The Fosca’s World
A very young artist named Fosca has chosen, for her latest personal exhibition “The Fantastic World of Fosca”, not only this venue, but also to create something inspired by the institution whose history has unfolded in these rooms.
For some years now, The Marciana Library has hosted contemporary art in its exhibition space, including works by the Italian artist Riccardo Licate, who died recently, and also by foreign artists such as Lore Bert, Liselotte Hohs and Huang Kehua, among the most recent. As a consequence of this, the majestic Sale della Libreria Sansoviana, embellished by paintings by the Great Masters of the Sixteenth Century, both on the walls and on the ceiling, have consequently often interacted with the imaginary world of the contemporary gaze.
A very young artist named Fosca has chosen, for her latest personal exhibition “The Fantastic World of Fosca”, not only this venue, but also to create something inspired by the institution whose history has unfolded in these rooms. Thirty or so engravings will be exhibited in the vitrines of the Salone, their black and white hues in perfect harmony with the antique Venetian floor. In these pieces the dreamlike imagination of the artist merges with the surrounding environment, revisiting some aspects of its history and reinterpreting these in an ironic and fantastic vein. In this way the story of the collapse of the Library’s ceiling, which happened during construction works, and which Sansovino was to pay for with time in prison – is told through one of the artist’s charming anthropomorphic animals: we see the architect handcuffed, crushed by the rubble he is leaning on in the Piazzetta. Leda and the Swan, the prestigious work of art from Cardianal Grimani’s collection, still present in the vestibule of the Library, is revisited with a disrespectful rabbit blithely caressing Leda’s curvaceous figure. The chains which anchored precious manuscripts to the bookcases in the original Salone, which was the Venetian State’s public library, are now attached to the foot of another character from the artist’s fantastic bestiary.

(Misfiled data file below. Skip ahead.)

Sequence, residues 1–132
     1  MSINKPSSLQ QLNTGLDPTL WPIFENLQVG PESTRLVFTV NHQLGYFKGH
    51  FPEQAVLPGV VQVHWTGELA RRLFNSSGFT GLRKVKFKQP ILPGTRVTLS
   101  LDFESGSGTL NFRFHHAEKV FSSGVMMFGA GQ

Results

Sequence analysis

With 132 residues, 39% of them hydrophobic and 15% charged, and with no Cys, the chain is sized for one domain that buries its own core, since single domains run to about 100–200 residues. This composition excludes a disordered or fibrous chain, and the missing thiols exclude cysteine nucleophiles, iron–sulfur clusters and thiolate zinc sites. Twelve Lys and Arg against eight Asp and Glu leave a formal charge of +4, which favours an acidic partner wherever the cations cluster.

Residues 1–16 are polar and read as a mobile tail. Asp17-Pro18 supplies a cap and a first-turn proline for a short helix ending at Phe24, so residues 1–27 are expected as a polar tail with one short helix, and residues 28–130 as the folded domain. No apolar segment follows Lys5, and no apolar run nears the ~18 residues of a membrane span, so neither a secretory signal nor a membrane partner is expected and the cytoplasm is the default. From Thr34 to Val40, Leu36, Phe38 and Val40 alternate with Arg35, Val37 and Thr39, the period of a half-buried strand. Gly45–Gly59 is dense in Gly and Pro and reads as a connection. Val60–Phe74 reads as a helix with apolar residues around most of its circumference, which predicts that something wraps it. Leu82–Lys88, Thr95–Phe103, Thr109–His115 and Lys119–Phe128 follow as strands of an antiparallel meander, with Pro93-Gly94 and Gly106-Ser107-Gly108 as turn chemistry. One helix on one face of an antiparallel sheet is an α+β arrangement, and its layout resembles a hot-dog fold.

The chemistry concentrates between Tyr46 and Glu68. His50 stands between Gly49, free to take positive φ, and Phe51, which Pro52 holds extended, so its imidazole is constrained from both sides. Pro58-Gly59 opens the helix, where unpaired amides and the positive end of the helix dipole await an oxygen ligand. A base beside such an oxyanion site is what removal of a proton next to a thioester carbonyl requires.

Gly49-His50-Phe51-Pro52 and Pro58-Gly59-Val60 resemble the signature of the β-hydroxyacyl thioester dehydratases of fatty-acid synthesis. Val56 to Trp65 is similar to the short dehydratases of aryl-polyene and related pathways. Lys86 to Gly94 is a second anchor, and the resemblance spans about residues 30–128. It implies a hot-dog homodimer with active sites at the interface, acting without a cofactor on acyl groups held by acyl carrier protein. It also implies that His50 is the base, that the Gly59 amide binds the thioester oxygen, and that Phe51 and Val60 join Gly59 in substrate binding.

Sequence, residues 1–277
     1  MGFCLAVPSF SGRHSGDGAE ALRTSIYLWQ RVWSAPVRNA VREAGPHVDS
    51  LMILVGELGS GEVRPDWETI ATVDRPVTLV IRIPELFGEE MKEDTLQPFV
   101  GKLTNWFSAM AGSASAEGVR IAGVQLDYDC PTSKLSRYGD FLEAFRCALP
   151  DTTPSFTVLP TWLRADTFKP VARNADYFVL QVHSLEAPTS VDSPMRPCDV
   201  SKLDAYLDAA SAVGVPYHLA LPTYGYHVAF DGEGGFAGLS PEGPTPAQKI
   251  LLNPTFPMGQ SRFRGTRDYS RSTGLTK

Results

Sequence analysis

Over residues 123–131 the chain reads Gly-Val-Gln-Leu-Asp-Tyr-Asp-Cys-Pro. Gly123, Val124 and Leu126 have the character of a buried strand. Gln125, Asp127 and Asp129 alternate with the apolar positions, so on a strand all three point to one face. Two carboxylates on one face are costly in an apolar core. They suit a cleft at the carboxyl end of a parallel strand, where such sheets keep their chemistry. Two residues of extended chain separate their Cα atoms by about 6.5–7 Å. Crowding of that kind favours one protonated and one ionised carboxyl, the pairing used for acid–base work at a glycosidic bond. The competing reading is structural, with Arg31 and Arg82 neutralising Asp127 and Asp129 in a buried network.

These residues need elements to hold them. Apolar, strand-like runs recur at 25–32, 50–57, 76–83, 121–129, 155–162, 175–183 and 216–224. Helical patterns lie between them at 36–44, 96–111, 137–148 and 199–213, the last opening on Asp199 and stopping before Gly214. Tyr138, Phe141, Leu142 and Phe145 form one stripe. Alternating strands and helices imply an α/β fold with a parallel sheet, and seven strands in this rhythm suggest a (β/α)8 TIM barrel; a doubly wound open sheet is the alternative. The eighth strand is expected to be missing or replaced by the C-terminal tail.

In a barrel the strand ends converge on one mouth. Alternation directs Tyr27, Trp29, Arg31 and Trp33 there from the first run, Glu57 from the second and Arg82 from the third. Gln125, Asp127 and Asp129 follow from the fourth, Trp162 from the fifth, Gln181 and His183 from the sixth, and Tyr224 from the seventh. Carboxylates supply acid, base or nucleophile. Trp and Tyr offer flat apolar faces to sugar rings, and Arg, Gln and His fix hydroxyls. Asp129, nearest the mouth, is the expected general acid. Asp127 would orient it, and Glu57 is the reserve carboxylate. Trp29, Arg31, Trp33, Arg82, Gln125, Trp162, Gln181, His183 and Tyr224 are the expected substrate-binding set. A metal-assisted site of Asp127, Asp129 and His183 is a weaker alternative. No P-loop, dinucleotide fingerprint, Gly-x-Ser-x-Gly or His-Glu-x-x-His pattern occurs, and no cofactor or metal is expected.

Floating from the ceiling above the public is a large installation, the Literary Globe, which dominates the centre of the Salone of the Sansovinian Library, with a sphere composed of fifteen thousand hand-cut letters of parchment and cracked glass beads. It is an imposing, airborne installation which seems to interact with Vincenzo Coronelli’s celestial and terrestrial globes to be found underneath this nebulous sphere of letters, thus establishing an ideal relation between the object and the spirit of the place. Amongst the fluttering letters we catch a glimpse of the Marciana lion, symbol of Saint Mark the Evangelist, historical symbol of Venice and the Serenissima Republic, which lives on not only in artworks and itinerant Venetian sculpture, but also in the emblems of many of its contemporary institutions, including, of course, the Marciana Library.
Director of the Biblioteca Nazionale Marciana • Maurizio Messina